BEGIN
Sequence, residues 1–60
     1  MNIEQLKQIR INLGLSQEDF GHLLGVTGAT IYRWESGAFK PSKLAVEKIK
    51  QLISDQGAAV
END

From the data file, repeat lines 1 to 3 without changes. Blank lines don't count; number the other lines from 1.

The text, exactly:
Sequence, residues 1–60
     1  MNIEQLKQIR INLGLSQEDF GHLLGVTGAT IYRWESGAFK PSKLAVEKIK
    51  QLISDQGAAV